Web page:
Navy: Swedish Combat Boat 90, Both a Warrior and a Workhorse
- A riverine command boat operates alongside the amphibious transport dock ship USS New York (LPD 21) in the U.S. 5th Fleet area of responsibility. (U.S. Navy photo by Mass Communication Specialist 2nd Class Zane Ecklund)
- U.S. and Swedish Marines launch a Hydronalix Sonar AMY unmanned surface vessel from the stern of a CB 90 boat during the Archipelago Endeavor exercise in Sweden. (Photo by Edward Lundquist)
- Royal Danish Navy SB 90 craft aboard the flexible support ship (now classified as ASW frigate) HMDS Esbern Snare. (Edward Lundquist photo)
The Swedish-built Combat Boat 90 (CB 90) has established itself with military forces around the world as both a warrior and a workhorse. The 52-foot boats first entered service in 1991 as troop carriers with the Swedish Marines, which is still procuring them. There are more than 250 operating worldwide today.
These rugged boats are optimized for high-speed / shallow-draft operations in and around Sweden’s many coastal islands, but they have also proven to be ideal for a variety of other applications and operating environments.
The CB 90 is 52 feet long, with a draft of just 2 feet 7 inches. Standard displacement is about 17 tons. It’s powered by a pair of 625 hp Scania V8 diesels and Kamewa waterjets, so they’re both fast—40 knots plus--and maneuverable. In fact, there are control surfaces in the waterjet tunnels which improve maneuverability.
The CB 90s are built at Dockstavarvet shipyard on Sweden’s east coast. The company was acquired by Saab Defense in 2017. The Storebro SB90E civilian and export version is made by Storebro Bruks AB.
Dockstavarvet describes the CB 90 as “an all-aluminum fast assault craft, heavily reinforced for forceful landing on unprepared beaches.”
The basic troop carrier version usually has a crew of three and can carry about 18 to 20 combat equipped troops, or carry 4.5 tons of cargo. The CB90 can make a direct approach to a beach or shore line and discharge personnel through the bow ramp. The boats can be carried on larger ships or transportable by land.
Operators include Swedish Police, Swedish Sea Rescue Society, Hellenic Army, Hellenic Coast Guard, Mexican Navy, Malaysian Navy and the Marina de Guerra in Peru. The Royal Navy leased four boats for several years.
The boats can be outfitted for water sampling or other environmental protection missions. Boats that will be operating in the tropics can have upgraded power systems for air conditioning and fuel cooling.
The Royal Danish Navy operates the SB90E aboard the Absalon-class ASW frigates / flexible support ships, as well modified versions capable of operating in and around ice for the Knud Rasmussen class of Arctic Offshore Patrol Vessels, patrol vessel.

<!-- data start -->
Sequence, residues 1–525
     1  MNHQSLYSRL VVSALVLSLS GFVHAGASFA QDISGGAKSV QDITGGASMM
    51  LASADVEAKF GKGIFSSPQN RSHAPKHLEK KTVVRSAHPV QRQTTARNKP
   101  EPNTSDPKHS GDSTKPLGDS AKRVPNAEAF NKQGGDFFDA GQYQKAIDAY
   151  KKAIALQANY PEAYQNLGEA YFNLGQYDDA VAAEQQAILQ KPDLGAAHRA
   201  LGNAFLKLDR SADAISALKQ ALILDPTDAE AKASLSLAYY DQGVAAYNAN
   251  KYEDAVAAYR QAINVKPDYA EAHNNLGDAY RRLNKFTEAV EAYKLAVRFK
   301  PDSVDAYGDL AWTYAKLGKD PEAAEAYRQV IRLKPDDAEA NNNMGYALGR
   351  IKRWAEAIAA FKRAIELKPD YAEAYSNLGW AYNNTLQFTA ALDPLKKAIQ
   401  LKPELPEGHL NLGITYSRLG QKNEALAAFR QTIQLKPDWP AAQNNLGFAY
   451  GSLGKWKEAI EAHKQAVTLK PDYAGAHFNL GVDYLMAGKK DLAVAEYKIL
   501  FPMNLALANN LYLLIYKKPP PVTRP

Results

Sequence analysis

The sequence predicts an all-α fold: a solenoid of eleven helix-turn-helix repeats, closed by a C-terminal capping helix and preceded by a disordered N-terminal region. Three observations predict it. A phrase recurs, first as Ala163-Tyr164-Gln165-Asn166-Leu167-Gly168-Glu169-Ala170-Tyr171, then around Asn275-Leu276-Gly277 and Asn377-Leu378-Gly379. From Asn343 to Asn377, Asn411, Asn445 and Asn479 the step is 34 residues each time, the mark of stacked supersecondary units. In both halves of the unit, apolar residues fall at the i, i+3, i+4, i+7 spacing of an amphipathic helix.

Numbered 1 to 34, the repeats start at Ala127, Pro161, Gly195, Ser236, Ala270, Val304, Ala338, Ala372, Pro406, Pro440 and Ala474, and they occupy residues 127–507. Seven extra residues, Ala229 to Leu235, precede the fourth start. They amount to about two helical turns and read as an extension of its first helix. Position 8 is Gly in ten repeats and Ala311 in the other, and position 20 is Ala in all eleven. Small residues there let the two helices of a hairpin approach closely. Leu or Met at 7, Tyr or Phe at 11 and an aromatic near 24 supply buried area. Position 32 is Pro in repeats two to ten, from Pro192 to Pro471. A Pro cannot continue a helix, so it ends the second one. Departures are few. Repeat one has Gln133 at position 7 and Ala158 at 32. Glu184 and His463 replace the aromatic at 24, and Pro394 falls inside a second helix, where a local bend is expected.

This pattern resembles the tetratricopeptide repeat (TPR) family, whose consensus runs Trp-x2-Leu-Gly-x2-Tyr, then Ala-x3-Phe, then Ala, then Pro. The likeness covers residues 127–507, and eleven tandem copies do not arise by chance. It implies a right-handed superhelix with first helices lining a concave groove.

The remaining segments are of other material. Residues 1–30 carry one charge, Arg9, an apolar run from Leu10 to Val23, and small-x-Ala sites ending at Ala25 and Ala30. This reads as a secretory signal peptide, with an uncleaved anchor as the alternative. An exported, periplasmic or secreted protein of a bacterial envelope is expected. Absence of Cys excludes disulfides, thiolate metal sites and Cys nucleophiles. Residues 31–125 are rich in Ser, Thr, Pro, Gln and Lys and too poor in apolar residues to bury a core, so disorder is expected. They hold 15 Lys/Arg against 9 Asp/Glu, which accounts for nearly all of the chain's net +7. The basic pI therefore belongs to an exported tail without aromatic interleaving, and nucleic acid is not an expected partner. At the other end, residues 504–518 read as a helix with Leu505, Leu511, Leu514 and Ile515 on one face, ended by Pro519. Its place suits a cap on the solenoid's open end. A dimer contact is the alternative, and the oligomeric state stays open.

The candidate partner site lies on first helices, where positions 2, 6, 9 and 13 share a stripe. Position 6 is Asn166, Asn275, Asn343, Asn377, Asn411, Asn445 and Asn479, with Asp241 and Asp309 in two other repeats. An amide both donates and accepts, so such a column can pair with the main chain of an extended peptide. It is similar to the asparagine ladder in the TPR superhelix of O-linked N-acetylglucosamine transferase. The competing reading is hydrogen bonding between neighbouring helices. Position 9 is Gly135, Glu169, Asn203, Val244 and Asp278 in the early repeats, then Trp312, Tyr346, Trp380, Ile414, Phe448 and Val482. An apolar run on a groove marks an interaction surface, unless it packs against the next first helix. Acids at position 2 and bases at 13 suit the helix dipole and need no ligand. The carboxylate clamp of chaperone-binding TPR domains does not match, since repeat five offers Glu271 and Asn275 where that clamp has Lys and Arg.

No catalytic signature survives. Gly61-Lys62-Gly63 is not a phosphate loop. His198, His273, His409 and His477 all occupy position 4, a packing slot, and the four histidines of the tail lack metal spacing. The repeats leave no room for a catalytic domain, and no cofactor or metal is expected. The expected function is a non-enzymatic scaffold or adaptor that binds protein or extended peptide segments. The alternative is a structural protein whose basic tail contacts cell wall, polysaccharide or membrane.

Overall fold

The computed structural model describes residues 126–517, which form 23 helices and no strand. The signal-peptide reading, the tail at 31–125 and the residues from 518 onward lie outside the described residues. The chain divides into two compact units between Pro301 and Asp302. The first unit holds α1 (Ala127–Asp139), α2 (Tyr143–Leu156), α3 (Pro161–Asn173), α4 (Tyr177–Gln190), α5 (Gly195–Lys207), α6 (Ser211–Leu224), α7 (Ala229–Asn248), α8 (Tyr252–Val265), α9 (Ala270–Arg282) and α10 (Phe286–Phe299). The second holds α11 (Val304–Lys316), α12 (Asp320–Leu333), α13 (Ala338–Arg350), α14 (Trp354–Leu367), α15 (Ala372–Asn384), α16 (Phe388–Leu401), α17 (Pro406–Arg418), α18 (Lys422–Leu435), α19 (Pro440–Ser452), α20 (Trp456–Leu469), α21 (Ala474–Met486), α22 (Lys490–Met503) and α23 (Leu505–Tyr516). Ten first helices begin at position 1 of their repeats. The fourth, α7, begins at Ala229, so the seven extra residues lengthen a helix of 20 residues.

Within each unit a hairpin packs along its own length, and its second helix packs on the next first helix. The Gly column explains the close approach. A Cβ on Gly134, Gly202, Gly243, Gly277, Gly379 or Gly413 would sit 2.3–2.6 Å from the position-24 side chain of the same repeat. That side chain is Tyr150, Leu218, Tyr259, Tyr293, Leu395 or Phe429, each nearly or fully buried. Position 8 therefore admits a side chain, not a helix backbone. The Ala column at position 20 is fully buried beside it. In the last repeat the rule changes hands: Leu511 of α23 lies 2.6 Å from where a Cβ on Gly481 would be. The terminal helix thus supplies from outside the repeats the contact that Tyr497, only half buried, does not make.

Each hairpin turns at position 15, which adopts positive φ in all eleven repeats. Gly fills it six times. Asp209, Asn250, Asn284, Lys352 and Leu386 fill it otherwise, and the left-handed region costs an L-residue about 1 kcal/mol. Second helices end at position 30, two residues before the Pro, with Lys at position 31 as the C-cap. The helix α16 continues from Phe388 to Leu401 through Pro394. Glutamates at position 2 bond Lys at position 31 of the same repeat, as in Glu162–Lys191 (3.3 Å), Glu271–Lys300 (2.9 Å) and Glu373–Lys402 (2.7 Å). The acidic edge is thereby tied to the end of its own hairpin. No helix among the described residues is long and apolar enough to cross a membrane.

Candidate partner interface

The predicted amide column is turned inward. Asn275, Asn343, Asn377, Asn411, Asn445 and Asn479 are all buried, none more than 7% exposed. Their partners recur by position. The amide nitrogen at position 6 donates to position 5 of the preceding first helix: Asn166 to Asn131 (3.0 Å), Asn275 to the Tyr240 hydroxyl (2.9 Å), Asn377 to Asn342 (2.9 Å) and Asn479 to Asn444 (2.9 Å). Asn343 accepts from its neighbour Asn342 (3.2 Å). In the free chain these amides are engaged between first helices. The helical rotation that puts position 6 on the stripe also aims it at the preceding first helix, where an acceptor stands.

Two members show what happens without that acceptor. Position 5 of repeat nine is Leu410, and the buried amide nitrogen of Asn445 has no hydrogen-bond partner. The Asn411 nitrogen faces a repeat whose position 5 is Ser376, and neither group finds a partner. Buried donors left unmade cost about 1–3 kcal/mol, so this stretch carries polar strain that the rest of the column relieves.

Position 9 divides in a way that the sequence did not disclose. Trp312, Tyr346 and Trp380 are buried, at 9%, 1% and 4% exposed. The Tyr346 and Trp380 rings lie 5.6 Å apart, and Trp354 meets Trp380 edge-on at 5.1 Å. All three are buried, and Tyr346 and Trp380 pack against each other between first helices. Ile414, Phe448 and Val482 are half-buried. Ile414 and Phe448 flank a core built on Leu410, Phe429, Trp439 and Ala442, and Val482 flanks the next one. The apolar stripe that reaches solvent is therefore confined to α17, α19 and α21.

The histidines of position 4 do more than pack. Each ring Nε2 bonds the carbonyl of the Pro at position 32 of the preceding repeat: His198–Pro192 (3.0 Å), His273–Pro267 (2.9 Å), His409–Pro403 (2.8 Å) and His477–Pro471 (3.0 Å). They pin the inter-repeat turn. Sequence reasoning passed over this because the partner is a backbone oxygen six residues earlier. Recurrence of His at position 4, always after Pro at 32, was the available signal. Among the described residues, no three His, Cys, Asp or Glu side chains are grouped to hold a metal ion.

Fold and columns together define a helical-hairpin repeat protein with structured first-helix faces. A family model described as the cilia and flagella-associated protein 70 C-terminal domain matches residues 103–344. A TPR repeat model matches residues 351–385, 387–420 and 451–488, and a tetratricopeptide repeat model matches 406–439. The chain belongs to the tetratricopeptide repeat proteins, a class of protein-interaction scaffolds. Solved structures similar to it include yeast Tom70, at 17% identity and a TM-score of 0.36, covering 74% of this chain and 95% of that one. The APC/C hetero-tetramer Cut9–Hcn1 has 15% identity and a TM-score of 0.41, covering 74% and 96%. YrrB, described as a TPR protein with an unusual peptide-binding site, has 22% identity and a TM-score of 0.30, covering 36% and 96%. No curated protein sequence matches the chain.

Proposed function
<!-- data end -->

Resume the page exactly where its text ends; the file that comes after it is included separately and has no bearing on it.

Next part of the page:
The U.S. Navy operated six CB 90s, which they called Riverine Command Boats as part of the Navy Expeditionary Combat Command (NECC). The U.S. boats were built by SAFE Boats International of Port Orchard, Wash. The heavily armed RCBs were based in Bahrain where they provided high-value ship escort duties, usually operating in pairs.
The American RCB version is equipped with several universal topside mounts for machine guns or grenade launchers, as well as a remote-operated small arms mount (ROSAM). The RCB has a crew of four to eight, which are required to operate the boat and the weapons, but can also carry addition troops. The U.S. version also has The RCB armored cockpit and engine compartment protects the crew and systems against small arms fire or shrapnel. The U.S. Navy phased out the RCBs in favor of the larger MK VI patrol boats, which are also being phased out.
Sweden is by far the biggest user with more than 200 craft, and the boats are still in production. The newest variant, the Docksta CB 90HSM, is being offered by Saab. It features “a robust weapons platform can include stabilized turntables, smaller missile systems and remote weapon stations like Saab Trackfire.”
According to Saab, an adjusted placement of the engine makes the boat more stable, faster and quieter. Saab said the new version has improved speed, maneuverability, attack power and surveillance capabilities.
The Swedish Marines are skilled at navigating their CB 90s at high speed in confined waters between the many islands of the archipelago. The Naval Base at Berga, about 20 miles south of Stockholm, is home to dozens of them. At the recent Archipelago Endeavor exercises, Swedish and U.S. Marines relied on the CB 90 for movement around and between the many islands, and used the boats to launch unmanned vehicles.